If gossip on various physics blogs pans out, the biggest moment for physics in nearly two decades is just days away. The possible announcement on July 4 of the long-sought Higgs boson would put the last critical piece of the Standard Model of Physics in place, a crowning achievement built on a half-century of work by thousands of scientists. A moment worthy of fireworks.But there’s a problem: The Higgs boson is starting to look just a little too ordinary.
As physicists at Europe’s Large Hadron Collider prepare to present their latest update in the hunt for the Higgs boson — the strange particle that exists everywhere in space and interacts with all other elementary particles, giving them their mass — other physicists are preparing for disappointment.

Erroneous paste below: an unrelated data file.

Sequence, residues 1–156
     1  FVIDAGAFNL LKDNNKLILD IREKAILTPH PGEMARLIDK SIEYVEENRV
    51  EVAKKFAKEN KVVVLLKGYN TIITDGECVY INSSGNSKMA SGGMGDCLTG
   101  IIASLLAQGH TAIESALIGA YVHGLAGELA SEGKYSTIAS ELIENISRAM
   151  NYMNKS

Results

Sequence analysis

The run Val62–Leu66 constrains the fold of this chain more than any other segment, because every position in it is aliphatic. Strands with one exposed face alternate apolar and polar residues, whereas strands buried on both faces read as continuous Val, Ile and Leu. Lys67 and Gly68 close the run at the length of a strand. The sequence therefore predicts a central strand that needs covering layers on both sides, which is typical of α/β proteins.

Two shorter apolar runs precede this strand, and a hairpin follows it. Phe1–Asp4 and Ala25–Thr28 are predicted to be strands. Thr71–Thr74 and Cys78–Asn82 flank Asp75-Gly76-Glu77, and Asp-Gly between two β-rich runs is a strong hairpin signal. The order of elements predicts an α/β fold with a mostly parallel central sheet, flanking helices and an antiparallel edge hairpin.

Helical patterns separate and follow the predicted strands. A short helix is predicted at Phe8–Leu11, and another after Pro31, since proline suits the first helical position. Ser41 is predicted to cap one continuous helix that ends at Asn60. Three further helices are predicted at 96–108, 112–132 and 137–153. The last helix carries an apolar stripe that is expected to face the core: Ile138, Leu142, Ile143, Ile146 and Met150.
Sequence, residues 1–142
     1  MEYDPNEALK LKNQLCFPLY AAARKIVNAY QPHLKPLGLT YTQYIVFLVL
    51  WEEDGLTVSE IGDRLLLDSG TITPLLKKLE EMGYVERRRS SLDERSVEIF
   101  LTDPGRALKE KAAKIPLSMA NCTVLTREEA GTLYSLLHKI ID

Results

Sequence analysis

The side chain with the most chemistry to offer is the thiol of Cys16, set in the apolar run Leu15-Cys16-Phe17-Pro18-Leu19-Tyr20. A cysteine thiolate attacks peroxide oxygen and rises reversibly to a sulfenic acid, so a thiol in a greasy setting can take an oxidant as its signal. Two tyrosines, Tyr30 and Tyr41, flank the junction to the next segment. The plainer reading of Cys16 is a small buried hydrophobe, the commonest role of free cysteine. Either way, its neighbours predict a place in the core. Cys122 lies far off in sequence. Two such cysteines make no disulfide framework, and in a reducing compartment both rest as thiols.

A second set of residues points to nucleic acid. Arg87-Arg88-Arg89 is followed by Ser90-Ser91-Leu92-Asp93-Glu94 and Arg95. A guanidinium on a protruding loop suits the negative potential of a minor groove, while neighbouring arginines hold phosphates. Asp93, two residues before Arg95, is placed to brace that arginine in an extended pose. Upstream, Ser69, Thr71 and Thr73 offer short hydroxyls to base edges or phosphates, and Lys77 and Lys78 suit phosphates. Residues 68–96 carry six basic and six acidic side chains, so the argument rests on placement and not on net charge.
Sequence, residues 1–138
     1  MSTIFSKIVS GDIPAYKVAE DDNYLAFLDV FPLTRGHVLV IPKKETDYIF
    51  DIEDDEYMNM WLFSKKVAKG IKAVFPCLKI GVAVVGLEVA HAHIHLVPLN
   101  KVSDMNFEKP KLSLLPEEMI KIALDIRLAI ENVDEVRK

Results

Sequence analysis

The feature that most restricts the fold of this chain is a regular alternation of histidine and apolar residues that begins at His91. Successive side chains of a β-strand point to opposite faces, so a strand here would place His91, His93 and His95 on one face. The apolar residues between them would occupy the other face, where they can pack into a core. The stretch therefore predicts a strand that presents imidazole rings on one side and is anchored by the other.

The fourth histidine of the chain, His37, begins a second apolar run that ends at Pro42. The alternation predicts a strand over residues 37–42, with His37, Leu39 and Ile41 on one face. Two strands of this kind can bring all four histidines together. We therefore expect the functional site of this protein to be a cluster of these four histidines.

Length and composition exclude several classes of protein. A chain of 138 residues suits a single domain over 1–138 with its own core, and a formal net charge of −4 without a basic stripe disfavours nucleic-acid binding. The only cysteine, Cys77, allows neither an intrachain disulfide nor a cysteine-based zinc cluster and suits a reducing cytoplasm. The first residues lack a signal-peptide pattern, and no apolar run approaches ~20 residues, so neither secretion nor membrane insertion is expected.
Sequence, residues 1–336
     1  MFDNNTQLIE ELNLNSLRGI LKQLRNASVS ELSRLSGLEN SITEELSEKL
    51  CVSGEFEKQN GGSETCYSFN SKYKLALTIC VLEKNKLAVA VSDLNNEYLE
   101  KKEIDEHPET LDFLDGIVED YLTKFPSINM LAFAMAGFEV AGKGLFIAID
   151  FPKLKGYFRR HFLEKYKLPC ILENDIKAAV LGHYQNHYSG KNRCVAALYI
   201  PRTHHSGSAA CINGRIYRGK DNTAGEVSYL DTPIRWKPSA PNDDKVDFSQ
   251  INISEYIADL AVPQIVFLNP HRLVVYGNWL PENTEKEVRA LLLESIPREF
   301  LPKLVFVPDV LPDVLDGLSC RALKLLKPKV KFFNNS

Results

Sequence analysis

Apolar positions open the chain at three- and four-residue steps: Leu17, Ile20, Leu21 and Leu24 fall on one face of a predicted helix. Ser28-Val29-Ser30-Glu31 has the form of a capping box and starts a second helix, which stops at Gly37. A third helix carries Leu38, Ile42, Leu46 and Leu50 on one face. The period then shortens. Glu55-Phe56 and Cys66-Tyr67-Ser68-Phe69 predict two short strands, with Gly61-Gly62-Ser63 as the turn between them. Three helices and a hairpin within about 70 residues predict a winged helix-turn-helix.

That’s because scientists have been secretly hoping all along that, when they finally found the Higgs, it would be an interesting particle with unexpected behaviors — even somewhat unruly. A perfectly well-behaved Higgs leaves less room for new, exciting physics — the kind that theorists have been wishing would show up at the LHC.
The current situation has some physicists starting to worry and, if coming years fail to turn up interesting results, the field could be headed for a crisis.
Image: The giant detector for the CMS experiment, one of the main Higgs-searching experiments at the LHC.